As the two were in the water, it became apparent that the upended boat was afloat and even fairly stable. Mr. Terry said he and the boy climbed up onto the bow. "We were a long way out and the surf was rough. We were drifting to shore. What saved us was that the boat was so stable. It has a big cabin and it acted like a rudder on a sailboat. The stern was facing right at the waves. Of course the motor had shut off instantly," Mr. Terry said.
"There was a lobster boat that came within viewing distance of us. But the guy didn't see us," Mr. Terry said.
Mr. Pachico said he was amazed that the lobsterman didn't see them. "It was crazy. He was so near to us. He even drove towards us but went back to hauling. I didn't believe he couldn't see us. He wasn't that far from us," Mr. Pachico said.
Mr. Terry said they were on the black hull of Milton James for at least 40 minutes. The two were wearing T-shirts and long pants. "I made Mitchell take his boots off in case we had to swim. We felt okay sitting on the boat," Mr. Terry said. "We weren't cold, the sun was out, we would dry off until one of the bigger swells came."
They both observed that they were drifting closer to the Noman's Land shore.
Mr. Terry said they observed a familiar looking boat in the area. The boat belonged to Stephen Pietruska of West Tisbury, a fire chief from Fall River. He, too, is a commercial fisherman and was operating a 24-foot powerboat.
"I knew he came to the area to fish the same spot," Mr. Terry said. "At this point, the boat was so stable, I stood up and waved at him. I could see he was speeding up. But we were way inside of the break so he couldn't get to us. So his son, Stephen, stood up on the roof and waved his shirt at us." It was then that Mr. Terry and young Mr. Pachico knew that the Coast Guard would be notified.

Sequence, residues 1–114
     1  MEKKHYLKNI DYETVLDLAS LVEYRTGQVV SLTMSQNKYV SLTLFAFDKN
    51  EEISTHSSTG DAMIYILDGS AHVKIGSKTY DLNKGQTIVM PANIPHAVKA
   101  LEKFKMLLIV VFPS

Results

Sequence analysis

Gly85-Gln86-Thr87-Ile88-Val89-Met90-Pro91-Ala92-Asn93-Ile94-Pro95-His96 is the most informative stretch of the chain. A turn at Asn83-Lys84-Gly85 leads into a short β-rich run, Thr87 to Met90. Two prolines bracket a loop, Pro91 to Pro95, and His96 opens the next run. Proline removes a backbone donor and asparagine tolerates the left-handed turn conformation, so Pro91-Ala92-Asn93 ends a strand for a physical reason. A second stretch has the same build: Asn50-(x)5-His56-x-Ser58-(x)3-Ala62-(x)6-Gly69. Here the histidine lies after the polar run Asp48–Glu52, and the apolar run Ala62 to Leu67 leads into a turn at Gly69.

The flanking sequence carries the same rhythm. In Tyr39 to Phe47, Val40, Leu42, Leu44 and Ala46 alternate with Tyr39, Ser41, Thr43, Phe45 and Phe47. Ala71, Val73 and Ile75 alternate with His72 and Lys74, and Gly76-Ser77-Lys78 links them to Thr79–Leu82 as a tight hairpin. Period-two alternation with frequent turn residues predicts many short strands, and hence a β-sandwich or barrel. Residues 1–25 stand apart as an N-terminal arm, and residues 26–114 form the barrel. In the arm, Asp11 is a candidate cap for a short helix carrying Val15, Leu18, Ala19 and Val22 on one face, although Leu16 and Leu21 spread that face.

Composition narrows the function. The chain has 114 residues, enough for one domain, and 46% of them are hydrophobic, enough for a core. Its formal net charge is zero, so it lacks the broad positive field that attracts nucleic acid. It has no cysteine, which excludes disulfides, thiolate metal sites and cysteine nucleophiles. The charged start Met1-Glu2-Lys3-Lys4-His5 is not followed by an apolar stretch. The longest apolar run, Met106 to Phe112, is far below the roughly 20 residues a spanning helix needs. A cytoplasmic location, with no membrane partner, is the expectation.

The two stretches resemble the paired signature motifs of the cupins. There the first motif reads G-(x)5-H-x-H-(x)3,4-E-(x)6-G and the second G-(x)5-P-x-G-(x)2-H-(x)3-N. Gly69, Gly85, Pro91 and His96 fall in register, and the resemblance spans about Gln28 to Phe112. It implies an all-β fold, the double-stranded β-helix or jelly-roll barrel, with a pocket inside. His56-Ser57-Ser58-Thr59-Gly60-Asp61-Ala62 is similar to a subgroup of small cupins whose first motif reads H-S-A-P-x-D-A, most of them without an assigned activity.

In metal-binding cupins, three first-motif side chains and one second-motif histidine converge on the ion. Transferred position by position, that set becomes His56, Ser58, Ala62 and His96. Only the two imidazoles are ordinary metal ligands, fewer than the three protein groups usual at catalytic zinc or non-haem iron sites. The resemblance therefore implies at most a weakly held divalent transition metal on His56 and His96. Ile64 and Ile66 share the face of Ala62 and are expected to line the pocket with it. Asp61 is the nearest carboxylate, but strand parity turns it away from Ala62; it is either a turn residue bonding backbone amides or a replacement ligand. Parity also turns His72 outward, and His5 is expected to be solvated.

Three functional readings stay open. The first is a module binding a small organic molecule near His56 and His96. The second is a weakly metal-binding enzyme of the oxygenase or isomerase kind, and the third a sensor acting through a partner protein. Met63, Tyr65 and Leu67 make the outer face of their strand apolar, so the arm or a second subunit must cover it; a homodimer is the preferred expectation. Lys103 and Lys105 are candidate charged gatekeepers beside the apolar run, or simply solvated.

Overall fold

The U.S. Coast Guard received a call from Stephen Pietruska at 7:51 p.m. A Jay Hawk helicopter took off from Otis Air National Guard base at 8:20 a.m. and was on scene in 10 minutes.
But before the helicopter had arrived, the two fishermen had drifted close enough to the Noman's Land beach to swim ashore.
"We got within 50 feet of the beach. There were big rocks. Swells picked us up and dropped us back on a rock, dumping us off the boat. Mitchell and I could swim so we started swimming ashore," Mr. Terry said.
"The hardest part was getting ashore, because it was a rocky bottom. I told Mitchell to let the wave push him in. It took us a long time to get on the beach," Mr. Terry said. "Each time a big wave came it would knock you down. I told Mitchell to wait for the wave to bring him ashore."
Once ashore, the two fishermen walked inland and started climbing the cliff. The cliffs on the southeast side of the Island rival those of Gay Head. They are both tall and steep. "We were halfway up the cliffs when the helicopter arrived. They landed on the top," he said.
The helicopter picked up the two at 8:30, according to a Coast Guard log of the event.
Mr. Terry said they were asked where they wanted to go, and he said Martha's Vineyard Airport. Mr. Terry said once they got to the airport, they called the Pachico family and were picked up.
Wednesday afternoon, Mr. Terry was back out on the waters of Noman's trying to salvage his boat.
He said Dale McClure had a barge and a crane and was doing work for the National Fish and Wildlife Service. They went back to the scene in Glenn Pachico's lobster boat, Mirage, with a friend, Zachary Tilton.
They found little to salvage. The boat had already been completely pounded apart by the waves. "There was very little left of the hull, almost nothing. The back hull was wedged between rocks and both gasoline motors were attached," Mr. Terry said. "We got a rope around the motors," he said. They were not able to pull it off because it was low tide and the remnants were high and dry.
Mr. Terry said he planned to make another effort to salvage the remains yesterday, as that is a requirement of the Coast Guard. "I want to get it off the beach," he said.
Young Mr. Pachico said of Mr. Terry: "He's a good guy. I like going fishing with him a lot."